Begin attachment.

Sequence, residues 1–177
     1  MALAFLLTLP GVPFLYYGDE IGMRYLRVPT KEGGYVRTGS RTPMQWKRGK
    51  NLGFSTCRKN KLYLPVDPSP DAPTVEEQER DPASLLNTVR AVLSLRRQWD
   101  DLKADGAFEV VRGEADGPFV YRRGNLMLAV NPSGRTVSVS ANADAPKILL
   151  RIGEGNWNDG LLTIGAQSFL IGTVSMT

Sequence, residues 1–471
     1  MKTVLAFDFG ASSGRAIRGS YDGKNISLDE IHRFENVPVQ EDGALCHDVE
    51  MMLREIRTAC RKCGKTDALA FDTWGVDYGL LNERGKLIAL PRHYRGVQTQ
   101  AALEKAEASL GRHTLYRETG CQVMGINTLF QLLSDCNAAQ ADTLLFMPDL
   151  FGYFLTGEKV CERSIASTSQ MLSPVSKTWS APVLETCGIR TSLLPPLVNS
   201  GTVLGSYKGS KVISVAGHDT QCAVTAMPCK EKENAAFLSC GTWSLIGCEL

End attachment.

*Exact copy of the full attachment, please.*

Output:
Sequence, residues 1–177
     1  MALAFLLTLP GVPFLYYGDE IGMRYLRVPT KEGGYVRTGS RTPMQWKRGK
    51  NLGFSTCRKN KLYLPVDPSP DAPTVEEQER DPASLLNTVR AVLSLRRQWD
   101  DLKADGAFEV VRGEADGPFV YRRGNLMLAV NPSGRTVSVS ANADAPKILL
   151  RIGEGNWNDG LLTIGAQSFL IGTVSMT

Sequence, residues 1–471
     1  MKTVLAFDFG ASSGRAIRGS YDGKNISLDE IHRFENVPVQ EDGALCHDVE
    51  MMLREIRTAC RKCGKTDALA FDTWGVDYGL LNERGKLIAL PRHYRGVQTQ
   101  AALEKAEASL GRHTLYRETG CQVMGINTLF QLLSDCNAAQ ADTLLFMPDL
   151  FGYFLTGEKV CERSIASTSQ MLSPVSKTWS APVLETCGIR TSLLPPLVNS
   201  GTVLGSYKGS KVISVAGHDT QCAVTAMPCK EKENAAFLSC GTWSLIGCEL